Schema modes in criminal and violent behaviour of forensic cluster B PD patients: A retrospective and prospective study

Authors

  • Marije E. Keulen-de Vos,

    Corresponding author
    1. Forensic Psychiatric Centre ‘de Rooyse Wissel’, Venray, The Netherlands
    2. Department of Clinical Psychological Science, Maastricht University, Maastricht, The Netherlands
    • Correspondence should be addressed to Marije E. Keulen-de Vos, FPC de Rooyse Wissel, P.O. Box 433, Venray 5800 AK, The Netherlands (email: mkeulen-devos@derooysewissel.nl).

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  • David P. Bernstein,

    1. Forensic Psychiatric Centre ‘de Rooyse Wissel’, Venray, The Netherlands
    2. Department of Clinical Psychological Science, Maastricht University, Maastricht, The Netherlands
    3. Expertise Centre for Forensic Psychiatry, Utrecht, The Netherlands
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  • Silke Vanstipelen,

    1. Department of Clinical Psychological Science, Maastricht University, Maastricht, The Netherlands
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  • Vivienne de Vogel,

    1. Forensic Psychiatric Centre ‘Van der Hoeven Kliniek’, Utrecht, The Netherlands
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  • Tanja P. C. Lucker,

    1. Forensic Psychiatric Centre ‘Oostvaarderskliniek’, Almere, The Netherlands
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  • Mariët Slaats,

    1. Forensic Psychiatric Centre ‘Veldzicht’, Balkbrug, The Netherlands
    2. Forensic Psychiatric Centre, Van Mesdag Kliniek, Groningen, The Netherlands
    3. ‘FPK Assen’, Assen, The Netherlands
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  • Marloes Hartkoorn,

    1. Forensic Psychiatric Centre ‘De Kijvelanden’, Poortugaal, The Netherlands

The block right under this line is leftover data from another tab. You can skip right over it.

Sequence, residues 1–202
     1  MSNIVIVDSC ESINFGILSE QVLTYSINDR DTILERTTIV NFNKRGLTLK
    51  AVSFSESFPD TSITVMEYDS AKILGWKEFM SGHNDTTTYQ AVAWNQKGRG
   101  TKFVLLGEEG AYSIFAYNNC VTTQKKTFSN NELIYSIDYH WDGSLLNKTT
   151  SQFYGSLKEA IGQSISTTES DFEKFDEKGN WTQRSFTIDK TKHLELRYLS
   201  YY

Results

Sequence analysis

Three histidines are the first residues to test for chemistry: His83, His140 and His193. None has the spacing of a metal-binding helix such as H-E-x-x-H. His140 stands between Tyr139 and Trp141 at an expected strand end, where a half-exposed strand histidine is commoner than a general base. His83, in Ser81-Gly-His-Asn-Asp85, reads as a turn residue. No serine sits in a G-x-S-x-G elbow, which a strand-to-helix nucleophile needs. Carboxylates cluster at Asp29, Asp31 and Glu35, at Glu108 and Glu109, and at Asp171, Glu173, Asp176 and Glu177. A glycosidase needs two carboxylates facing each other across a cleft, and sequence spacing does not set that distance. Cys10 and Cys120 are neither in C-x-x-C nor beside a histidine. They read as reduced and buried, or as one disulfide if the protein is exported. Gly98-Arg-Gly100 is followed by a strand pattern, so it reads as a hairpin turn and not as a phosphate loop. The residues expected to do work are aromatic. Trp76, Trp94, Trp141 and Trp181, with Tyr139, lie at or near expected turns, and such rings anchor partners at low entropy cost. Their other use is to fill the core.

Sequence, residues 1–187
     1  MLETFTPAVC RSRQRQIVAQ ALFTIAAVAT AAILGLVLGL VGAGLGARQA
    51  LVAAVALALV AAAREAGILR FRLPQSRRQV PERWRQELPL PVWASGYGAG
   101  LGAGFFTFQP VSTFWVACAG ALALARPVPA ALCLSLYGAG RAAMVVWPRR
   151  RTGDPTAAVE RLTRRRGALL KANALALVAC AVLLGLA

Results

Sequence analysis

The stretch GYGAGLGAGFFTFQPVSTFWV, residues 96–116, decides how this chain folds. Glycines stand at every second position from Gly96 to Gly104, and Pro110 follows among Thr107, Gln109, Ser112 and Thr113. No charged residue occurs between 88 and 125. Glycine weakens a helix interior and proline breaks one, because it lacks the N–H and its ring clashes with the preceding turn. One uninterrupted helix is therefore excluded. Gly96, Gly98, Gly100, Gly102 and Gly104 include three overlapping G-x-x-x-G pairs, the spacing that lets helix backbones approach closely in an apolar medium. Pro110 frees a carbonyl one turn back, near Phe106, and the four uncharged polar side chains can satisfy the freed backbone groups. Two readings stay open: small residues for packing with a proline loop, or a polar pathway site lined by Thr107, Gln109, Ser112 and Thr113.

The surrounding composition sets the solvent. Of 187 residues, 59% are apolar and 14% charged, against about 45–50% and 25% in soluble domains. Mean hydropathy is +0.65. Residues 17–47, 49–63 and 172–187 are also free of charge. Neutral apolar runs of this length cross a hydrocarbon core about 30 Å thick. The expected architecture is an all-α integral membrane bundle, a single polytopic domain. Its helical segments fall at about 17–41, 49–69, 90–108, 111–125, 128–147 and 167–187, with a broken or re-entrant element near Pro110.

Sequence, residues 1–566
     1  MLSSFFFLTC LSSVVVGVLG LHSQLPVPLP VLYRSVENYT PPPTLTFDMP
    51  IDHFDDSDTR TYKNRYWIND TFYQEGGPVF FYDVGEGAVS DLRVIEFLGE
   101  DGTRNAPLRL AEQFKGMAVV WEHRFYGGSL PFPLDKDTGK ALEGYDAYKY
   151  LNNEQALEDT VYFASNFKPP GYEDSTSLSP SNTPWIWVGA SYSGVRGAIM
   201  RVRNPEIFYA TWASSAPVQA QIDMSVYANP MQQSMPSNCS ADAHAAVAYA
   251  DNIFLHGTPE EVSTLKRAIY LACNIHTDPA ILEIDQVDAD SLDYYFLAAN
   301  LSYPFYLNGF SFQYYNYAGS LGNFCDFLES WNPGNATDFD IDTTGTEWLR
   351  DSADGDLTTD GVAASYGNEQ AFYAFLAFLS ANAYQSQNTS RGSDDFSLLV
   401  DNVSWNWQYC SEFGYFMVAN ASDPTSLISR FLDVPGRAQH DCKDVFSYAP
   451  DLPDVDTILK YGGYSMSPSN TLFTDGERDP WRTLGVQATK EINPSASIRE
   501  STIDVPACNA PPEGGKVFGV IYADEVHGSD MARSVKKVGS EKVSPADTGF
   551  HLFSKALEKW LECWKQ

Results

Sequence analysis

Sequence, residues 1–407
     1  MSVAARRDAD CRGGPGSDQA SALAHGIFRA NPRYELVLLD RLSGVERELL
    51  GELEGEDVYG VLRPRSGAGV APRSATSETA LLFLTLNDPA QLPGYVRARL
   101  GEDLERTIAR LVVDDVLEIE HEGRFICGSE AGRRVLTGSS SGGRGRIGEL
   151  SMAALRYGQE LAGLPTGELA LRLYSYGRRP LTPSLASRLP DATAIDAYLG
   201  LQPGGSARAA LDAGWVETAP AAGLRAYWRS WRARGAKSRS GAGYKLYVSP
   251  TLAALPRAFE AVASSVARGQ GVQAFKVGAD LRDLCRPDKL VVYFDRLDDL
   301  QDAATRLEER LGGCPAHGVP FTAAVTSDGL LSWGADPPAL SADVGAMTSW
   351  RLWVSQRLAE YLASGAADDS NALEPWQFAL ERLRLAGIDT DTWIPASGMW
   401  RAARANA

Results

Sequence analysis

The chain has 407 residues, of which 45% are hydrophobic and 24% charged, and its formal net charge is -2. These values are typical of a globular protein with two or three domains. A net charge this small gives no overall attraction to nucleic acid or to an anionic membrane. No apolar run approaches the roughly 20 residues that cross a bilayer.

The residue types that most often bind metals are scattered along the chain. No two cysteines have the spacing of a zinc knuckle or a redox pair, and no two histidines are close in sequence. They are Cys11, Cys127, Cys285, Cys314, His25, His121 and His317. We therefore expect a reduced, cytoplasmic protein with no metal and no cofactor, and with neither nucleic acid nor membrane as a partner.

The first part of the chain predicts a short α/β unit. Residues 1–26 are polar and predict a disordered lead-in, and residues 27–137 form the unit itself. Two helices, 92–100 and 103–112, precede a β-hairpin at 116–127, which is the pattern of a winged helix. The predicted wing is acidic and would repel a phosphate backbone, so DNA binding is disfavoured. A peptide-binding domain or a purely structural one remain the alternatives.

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  • Arnoud Arntz

    1. Department of Clinical Psychological Science, Maastricht University, Maastricht, The Netherlands
    2. Netherlands Institute for Advanced Study in the Humanities and Social Sciences, Wassenaar, The Netherlands
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Abstract

Purpose

A clear understanding of an offender's criminal behaviour is a prerequisite for determining suitable treatment. In the literature, several specific frameworks or therapeutic approaches that aim to explicate criminal behaviour can be distinguished (e.g., cognitive analytic therapy, offence paralleling behaviour paradigm), but Schema Therapy (ST) is becoming an increasingly popular paradigm. According to forensic ST's theoretical framework, criminal and violent behaviour can be explained by an unfolding sequence of schema modes, or moment-to-moment states that represent emotions, cognitions, and behaviour. In this study, we examine the validity of this theory and the relationship between schema modes, psychopathy, and institutional violence.

Methods

Schema modes were assessed retrospectively from descriptions of patients’ crimes in a sample of 95 hospitalized cluster B personality disordered offenders. Psychopathy was rated with the Psychopathy Checklist-Revised and institutional transgressions were coded from daily hospital reports.

Results

Our findings show that criminal behaviour is often preceded by schema modes that refer to feelings of vulnerability and abandonment, loneliness, and states of intoxication. Criminal behaviour itself is characterized by schema modes that refer to states of impulsivity, anger, and the use of overcompensatory strategies involving threats, intimidation, and aggression. Schema modes involving bullying and manipulation were positively correlated with the interpersonal facet of psychopathy; the vulnerable child mode was negatively correlated with the affective facet of psychopathy. The schema modes in this study moderately predicted later institutional transgressions.

Conclusions

Our findings suggest that the schema mode concept is of explanatory value in understanding criminal and violent behaviour.

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